Once anything enters the bubble period, it is inevitable that people will worry about when to crash, and the current AI chip has entered the recognized bubble period.
From Diana Nao in the Upper Cambrian in ASPLOS'14 to TPUv3 in Google today, AI chips have achieved tremendous success in only five years. Taking the fast lane of AI computing explosion and clamoring for the end of Moore's Law, Domain Specific Architecture seems to be the only way out.
But when innumerable giants and start-ups design one AI chip after another, we need to answer the question: Do we really need so many AI chips?
With the rapid development of AI chips, one of the unavoidable problems is the exponential improvement of software complexity. Many companies have spent two years or less to build a chip, but find it takes longer to support a wide range of frameworks, keep up with the progress of algorithms, and adapt to various platforms from mobile phones to data centers. When the window period of deployment and mass production is missed, even the chip will soon fall behind.
Unlike the design of general architecture, the design of AI chip architecture needs to take into account both the design and optimization of software. Chip companies often optimistically estimate the cost of software adaptation and optimization and expect to solve all problems through middleware and compilers. In fact, from Intel to Google to Nvidia, a large number of software engineers are being invested in adapting various platforms to manually optimize network performance. For startups, there are many problems with tapeout but delays in delivery.
Essentially, when we begin to tap the potential of chip architecture, the abstraction of software layer becomes more and more difficult, because it has to introduce the model or parameters of the underlying architecture into the upper abstraction. Nowadays, the usual way is to do middleware between the underlying chip architecture and the upper software. However, the cost of developing these middleware is often underestimated. Some time ago, my classmates from a chip startup consulted me. How much manpower and how long does it take to develop an Inference middleware like TensorRT? It wasn't an easy question to answer, so I asked them how much resources they had for the project.
Surprisingly, his boss gave only three or four heads, because they assumed that they already had a low-level compiler and a high-level model transformation tool, so such a middleware for architectural abstraction did not need much effort. I guess this kind of investment should make a well-functioning product, but I don't believe that the final product can achieve the desired performance in practical applications. After all, making chips is not just for running Benchmark like ResNet-50.
It is a long-standing demand of software engineers to write a set of code to run on different platforms. The fragmentation of AI chips with different architectures will greatly discourage their enthusiasm to apply AI in real software products. Unlike previous experience, poor explanatory depth learning can lead to many unexpected defects. For example, a common problem is that a private model can achieve satisfactory results on a local CPU, but its performance is greatly degraded when deployed to a particular device. How to debug these problems, who is responsible for debugging, through what tools to debug, and even debugging engineers can get private models? These questions are difficult to answer.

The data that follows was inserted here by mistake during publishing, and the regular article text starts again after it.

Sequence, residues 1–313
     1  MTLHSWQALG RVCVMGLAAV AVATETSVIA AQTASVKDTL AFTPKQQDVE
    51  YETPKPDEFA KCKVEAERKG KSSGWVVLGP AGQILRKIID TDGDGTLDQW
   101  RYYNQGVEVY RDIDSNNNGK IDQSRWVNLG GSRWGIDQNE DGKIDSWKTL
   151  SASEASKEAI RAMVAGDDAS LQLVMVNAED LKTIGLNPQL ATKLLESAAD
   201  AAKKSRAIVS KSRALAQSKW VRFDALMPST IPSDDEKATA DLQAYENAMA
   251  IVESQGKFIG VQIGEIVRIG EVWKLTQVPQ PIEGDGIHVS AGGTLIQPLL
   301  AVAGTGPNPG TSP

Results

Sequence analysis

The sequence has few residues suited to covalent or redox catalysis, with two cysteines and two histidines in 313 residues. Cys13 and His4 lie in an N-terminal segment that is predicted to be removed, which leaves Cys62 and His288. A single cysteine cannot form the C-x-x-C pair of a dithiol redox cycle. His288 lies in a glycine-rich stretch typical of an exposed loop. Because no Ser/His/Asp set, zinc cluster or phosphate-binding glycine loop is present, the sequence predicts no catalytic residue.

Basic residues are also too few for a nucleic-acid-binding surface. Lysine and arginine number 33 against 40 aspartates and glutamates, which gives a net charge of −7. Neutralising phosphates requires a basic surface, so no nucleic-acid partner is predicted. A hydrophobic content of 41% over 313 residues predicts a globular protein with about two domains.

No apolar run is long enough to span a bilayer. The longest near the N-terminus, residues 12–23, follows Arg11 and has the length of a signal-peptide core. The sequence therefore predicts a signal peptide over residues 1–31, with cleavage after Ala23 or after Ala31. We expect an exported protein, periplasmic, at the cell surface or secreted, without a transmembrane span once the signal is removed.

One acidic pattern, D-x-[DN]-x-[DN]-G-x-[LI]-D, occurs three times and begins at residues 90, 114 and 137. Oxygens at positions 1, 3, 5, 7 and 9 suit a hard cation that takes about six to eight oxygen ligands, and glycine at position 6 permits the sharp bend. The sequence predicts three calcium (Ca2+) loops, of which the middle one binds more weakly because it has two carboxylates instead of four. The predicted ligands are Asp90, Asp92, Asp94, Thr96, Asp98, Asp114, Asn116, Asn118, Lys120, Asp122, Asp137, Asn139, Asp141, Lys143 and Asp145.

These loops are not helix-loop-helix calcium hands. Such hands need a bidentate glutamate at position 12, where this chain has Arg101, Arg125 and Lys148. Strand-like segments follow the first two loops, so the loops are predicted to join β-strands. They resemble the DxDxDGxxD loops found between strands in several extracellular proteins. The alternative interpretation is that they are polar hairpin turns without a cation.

Fragmentation also shows that proprietary architectures tend to abandon forward compatibility in order to exploit absolute performance. As mentioned above, one end of middleware is fragmented AI software framework, the other end is generation after generation of chip architecture. How to maintain multiple incompatible instruction set architectures at the same time and ensure that every software update can cover all devices? There is no alternative but to invest more manpower. A common argument is that, like current consumer chips, only one short-term (2-3 years) software support is maintained. However, in the common applications of AI chips, such as smart cameras, industrial intelligence, and auto-driving, the life cycle of a chip can be as long as 10 years. It's hard to imagine how large a company needs to provide lasting technical support. If a startup is expected to live for less than two or three years, how can it safely deploy its products to a consumer-oriented production vehicle?
AI chips are just transitional products
From a software engineer's point of view, I personally believe that customized AI processors will only be a transitional product. A unified, programmable and highly concurrent architecture should be the direction we pursue. Looking back over the past two decades, we have witnessed the shrinking market for small computers with dedicated architectures, the development of graphics processors to general vector processors, and even the convergence of platforms for our mobile phones and computers. There is reason to believe that putting resources into customized AI chips is by no means a good investment.